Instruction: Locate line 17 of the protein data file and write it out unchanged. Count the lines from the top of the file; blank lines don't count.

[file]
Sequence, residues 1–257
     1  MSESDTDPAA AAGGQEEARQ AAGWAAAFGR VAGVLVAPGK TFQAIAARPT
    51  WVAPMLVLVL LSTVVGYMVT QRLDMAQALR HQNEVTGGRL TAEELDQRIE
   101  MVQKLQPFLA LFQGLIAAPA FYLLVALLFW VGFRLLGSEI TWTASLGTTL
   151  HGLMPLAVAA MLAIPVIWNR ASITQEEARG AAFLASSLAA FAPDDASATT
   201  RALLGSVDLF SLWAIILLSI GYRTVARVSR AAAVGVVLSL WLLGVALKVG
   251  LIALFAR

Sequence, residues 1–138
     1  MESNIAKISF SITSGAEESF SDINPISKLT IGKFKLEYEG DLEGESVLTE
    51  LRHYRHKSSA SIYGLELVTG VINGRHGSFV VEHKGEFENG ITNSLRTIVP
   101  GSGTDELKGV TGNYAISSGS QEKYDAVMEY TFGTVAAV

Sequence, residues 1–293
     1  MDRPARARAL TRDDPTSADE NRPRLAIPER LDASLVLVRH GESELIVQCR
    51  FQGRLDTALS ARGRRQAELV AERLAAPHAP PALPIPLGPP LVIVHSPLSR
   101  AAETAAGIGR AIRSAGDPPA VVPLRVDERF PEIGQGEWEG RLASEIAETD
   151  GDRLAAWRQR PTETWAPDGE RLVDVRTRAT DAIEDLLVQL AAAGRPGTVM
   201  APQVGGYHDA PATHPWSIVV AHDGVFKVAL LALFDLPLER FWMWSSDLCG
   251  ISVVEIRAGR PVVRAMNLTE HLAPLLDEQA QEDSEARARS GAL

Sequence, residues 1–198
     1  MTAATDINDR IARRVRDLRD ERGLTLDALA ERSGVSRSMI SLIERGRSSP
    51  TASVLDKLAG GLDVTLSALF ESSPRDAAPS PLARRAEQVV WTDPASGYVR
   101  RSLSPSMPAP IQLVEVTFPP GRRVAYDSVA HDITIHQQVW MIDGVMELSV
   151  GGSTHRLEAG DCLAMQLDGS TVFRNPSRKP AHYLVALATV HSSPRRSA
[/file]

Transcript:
   201  APQVGGYHDA PATHPWSIVV AHDGVFKVAL LALFDLPLER FWMWSSDLCG